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Penn People

Johann Matthias Kramer

Penn Connection

  • Professor of French and German 1755

In December 1754 the trustees of the Academy of Philadelphia appointed a committee to inquire into the possibility of hiring German-born Johann Matthias Kramer/Cramer as professor of French and German languages. The following month the committee reported that Mr. Kramer was qualified to teach the languages of French, German, and also Italian. Kramer had the added advantage of being skilled in music and painting.

Kramer’s request to teach part-time, with the option of using Academy facilities for teaching private students, was denied by the trustees in favor of hiring him as a full-time faculty member.

In May of 1755, the Trustees found no further use for Kramer’s services. They maintained this position at their July meeting, even after Kramer wrote them requesting one more year of employment.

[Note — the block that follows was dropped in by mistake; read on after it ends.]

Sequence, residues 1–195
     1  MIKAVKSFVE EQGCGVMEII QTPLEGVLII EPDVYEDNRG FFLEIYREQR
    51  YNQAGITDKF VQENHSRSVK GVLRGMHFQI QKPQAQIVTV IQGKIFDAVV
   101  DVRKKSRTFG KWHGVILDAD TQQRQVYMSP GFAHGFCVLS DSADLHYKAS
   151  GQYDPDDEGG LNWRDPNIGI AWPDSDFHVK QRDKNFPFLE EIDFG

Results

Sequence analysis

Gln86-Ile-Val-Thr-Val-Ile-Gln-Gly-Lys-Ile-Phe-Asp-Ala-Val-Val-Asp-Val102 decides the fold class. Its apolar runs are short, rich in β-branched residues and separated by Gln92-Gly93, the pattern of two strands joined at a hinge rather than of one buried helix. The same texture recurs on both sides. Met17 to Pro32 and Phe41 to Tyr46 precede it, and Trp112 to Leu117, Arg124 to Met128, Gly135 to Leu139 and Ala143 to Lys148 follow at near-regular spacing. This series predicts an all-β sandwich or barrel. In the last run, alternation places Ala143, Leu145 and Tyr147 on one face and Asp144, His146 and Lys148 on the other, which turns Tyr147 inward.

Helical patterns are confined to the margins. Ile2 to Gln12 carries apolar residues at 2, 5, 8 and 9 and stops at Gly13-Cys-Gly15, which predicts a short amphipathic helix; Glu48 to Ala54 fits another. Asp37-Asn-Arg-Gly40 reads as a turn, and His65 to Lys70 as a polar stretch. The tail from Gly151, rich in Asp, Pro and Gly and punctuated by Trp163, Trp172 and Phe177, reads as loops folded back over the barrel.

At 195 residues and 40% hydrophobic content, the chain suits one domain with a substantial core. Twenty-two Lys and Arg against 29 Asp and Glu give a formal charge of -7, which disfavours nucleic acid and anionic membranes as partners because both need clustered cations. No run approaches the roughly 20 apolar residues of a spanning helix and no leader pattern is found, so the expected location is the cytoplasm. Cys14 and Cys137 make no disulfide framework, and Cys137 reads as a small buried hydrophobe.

Johann Matthias Kramer was born in Nuremberg, Germany. His father, Mathias Kramer/Cramer (1640-1729), was a famous German linguist who produced one of the first books in German on the Italian language. Johann followed in his father’s footsteps as a linguist. He attended the University of Göttingen and later served as an instructor of Italian there from 1746 to 1753. Prior to his university work, Kramer served as the secretary to Moravian leaders Nikolaus Ludwig, Count von Zinzendorf, and Pufendorf and published a pamphlet on Georgia and the “New World” in 1746. Little is known of Kramer after his brief time in Philadelphia in the 1750s.  In 1762 he was living by Elizabeth Furnace in Lancaster County, Pennsylvania and perhaps among the friend circle of ironmaster Heinrich Wilhelm Stiegel who witnessed Kramer’s will.  Kramer later moved to Reading where he died in 1774.